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Best Night Ever: Seven Bay Area Partyhounds on Their All-Time Favorite Nights

Nightlife veterans recount the single evening when it all came magically together—or all fell beautifully apart.

 

This is one of many stories from San Francisco's February 2018 Bars & Nightlife issue. Check them all out here.


 

Marke Bieschke
Co-owner, the Stud
“In 2004, I set a challenge for myself: Could I go out all night with just $20 in my pocket? I started out at a house party because I thought, That’s the best place that I’m going to get drinks. It was a Hanukkah party. Once I got good and liquored up, a friend said he had a ticket to another event, but that he wasn’t sure if I was going to like it, because it was a circuit party: They’re these huge, carnivalesque, mainstream gay parties that are very superficial and usually named something silly like Thunderdome or Man Blaster. There was no way I could afford to get in. Luckily, I’d had a lot of drinks at the Hanukkah party, so I was like, ‘Let’s do it.’ I found the two biggest muscle guys I could, and right when they had gone past the ID stage, I slipped between them and walked past the ticket booth. Once inside, I looked around and was like, ‘This is going to be one of those things where you go to the fancy party in your Converse and you eat all the hors d’oeuvres, have all the fun, and be the punk rock princess at the rich girl’s wedding.’ I ended up dancing and dancing, and in the morning, the sun came up and I realized I hadn’t spent any of my $20! Also, that Hanukkah party was where I met my future husband, David.”

Noah Bennett
Promoter and DJ, 1015 Folsom

“In 2016, we had Prince come to the club. He called around 5 p.m. the same day of the show. I had taken the day off and gone up to these hot springs, which were about two hours away. Our GM called and said, ‘Prince wants to throw a party at the club.’ I had to find a ride back into town—I paid the door guy at the spot to drive me back. They said it would be cool to get a female DJ, so I hooked up Pam the Funkstress— who just passed away in December—to DJ the event. She started her relationship with Prince there at the club and ended up touring with him after that. Pam was OG and a Bay Area legend—skilled, passionate, and humble. It was a privilege to be able to bring a stage to people like that. I got there right at midnight. What was beautiful about it was that it almost felt like a private event. We didn’t really promote the show that much because it was so last-minute. So it was a lot of friends and family. The party went super late, till like 4 a.m. Then of course Prince passed like a couple weeks later. Everyone at the club got together, and we did a Prince tribute party where we hung his logo up on the side of the club and we had this huge rollout of bands and Prince impersonators. It was free, which is a big deal for a business, but I think it’s really important to bring people together, especially at a time of loss. We ended up keeping the sign up for like a month.”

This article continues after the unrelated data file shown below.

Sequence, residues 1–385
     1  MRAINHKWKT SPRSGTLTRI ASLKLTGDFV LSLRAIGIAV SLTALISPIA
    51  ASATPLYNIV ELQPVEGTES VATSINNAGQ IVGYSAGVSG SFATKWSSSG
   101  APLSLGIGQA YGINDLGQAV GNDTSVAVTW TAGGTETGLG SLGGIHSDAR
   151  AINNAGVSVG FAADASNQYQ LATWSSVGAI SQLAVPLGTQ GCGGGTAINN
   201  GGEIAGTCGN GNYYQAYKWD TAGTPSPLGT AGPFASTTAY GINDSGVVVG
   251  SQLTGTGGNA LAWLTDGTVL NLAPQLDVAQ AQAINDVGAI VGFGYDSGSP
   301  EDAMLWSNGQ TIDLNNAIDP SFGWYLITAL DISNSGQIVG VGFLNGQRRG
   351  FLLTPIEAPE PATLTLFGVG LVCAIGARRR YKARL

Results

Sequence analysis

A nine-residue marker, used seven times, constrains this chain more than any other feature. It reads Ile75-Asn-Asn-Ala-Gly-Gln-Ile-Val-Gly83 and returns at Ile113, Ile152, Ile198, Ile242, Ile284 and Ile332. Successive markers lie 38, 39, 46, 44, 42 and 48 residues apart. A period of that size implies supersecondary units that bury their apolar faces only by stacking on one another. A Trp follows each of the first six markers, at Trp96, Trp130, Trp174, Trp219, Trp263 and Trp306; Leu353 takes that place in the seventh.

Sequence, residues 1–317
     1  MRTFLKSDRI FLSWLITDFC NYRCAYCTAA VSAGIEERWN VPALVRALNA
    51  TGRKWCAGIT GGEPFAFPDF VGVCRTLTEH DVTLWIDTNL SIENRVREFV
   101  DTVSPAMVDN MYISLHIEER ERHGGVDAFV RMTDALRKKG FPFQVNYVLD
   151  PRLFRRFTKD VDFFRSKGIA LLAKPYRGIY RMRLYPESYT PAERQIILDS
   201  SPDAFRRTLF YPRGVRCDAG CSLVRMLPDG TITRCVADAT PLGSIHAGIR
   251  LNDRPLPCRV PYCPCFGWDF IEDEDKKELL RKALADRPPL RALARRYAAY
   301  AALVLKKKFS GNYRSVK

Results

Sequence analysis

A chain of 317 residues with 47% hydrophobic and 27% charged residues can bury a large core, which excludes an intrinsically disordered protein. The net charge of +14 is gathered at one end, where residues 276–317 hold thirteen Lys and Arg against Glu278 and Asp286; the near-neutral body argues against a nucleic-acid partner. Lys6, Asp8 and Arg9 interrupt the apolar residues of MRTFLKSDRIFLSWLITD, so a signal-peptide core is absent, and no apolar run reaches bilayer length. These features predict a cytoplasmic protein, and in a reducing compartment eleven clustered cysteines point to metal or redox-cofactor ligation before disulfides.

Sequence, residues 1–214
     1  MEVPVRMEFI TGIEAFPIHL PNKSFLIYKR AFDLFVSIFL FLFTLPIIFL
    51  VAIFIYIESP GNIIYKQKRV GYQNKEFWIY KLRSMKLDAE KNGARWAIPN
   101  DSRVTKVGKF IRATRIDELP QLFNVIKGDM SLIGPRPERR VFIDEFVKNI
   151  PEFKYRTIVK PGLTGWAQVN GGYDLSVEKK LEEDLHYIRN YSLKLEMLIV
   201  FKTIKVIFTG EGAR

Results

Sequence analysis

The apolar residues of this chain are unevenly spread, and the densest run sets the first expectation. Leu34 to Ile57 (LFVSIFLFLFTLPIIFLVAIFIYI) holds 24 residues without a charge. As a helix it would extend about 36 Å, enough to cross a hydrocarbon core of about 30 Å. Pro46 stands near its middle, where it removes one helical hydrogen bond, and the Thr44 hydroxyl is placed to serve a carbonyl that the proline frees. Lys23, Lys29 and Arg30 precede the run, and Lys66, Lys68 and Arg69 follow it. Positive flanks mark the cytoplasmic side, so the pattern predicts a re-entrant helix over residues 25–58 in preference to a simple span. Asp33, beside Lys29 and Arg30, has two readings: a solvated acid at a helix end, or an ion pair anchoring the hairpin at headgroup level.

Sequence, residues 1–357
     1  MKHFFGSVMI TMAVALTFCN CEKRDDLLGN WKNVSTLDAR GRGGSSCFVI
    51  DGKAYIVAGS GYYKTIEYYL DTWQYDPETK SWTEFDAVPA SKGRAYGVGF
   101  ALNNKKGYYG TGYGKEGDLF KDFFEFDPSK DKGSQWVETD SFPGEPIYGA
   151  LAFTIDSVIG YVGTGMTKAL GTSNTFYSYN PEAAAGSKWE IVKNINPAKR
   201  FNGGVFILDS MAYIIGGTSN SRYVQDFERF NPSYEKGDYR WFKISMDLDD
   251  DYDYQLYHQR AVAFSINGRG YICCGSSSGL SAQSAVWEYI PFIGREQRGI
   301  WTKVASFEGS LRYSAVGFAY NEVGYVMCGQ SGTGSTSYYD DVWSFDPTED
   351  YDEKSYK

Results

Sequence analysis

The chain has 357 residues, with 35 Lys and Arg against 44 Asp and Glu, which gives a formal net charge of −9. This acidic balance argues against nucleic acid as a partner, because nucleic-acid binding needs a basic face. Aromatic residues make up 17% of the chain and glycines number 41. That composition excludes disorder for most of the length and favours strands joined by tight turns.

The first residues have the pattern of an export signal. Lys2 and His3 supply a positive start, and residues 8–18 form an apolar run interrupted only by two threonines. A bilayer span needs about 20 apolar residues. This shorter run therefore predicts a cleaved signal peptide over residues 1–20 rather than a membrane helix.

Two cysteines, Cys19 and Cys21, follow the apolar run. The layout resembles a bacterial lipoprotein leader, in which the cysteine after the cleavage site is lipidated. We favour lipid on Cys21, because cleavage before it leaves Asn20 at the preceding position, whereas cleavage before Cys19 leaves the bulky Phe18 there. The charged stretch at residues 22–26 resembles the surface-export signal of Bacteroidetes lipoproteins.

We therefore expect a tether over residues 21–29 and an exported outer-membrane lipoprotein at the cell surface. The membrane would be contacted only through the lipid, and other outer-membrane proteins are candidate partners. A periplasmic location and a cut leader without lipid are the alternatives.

Dan Strachota
Managing partner, Rickshaw Stop
“The craziest party we ever had was with DJ Funk. The stuff he plays is insanely raunchy. I wasn’t working that night; I just wandered into the place, and it was like walking into the Caligula movie set. It was half-naked people everywhere freaking on each other. The whole dance floor was just awash with people grinding on each other. They had brought a smoke machine in and it was like a London sex party, it was so foggy. We’d hooked our DJ set to the ceiling on wires so that if people bumped into it, it wouldn’t skip. So you look onstage, and the DJ table is kind of floating around, and there are 50 people onstage with him—the capacity is like 30—and he’s this skinny guy, and he’s got a beer in one hand, the other hand on the turntable, and on his leg there’s one or two girls grinding on him. He’s DJing and the table is just floating away from him. And he’s trying to hold on to the table and his beer and the girls. It was just bonkers.”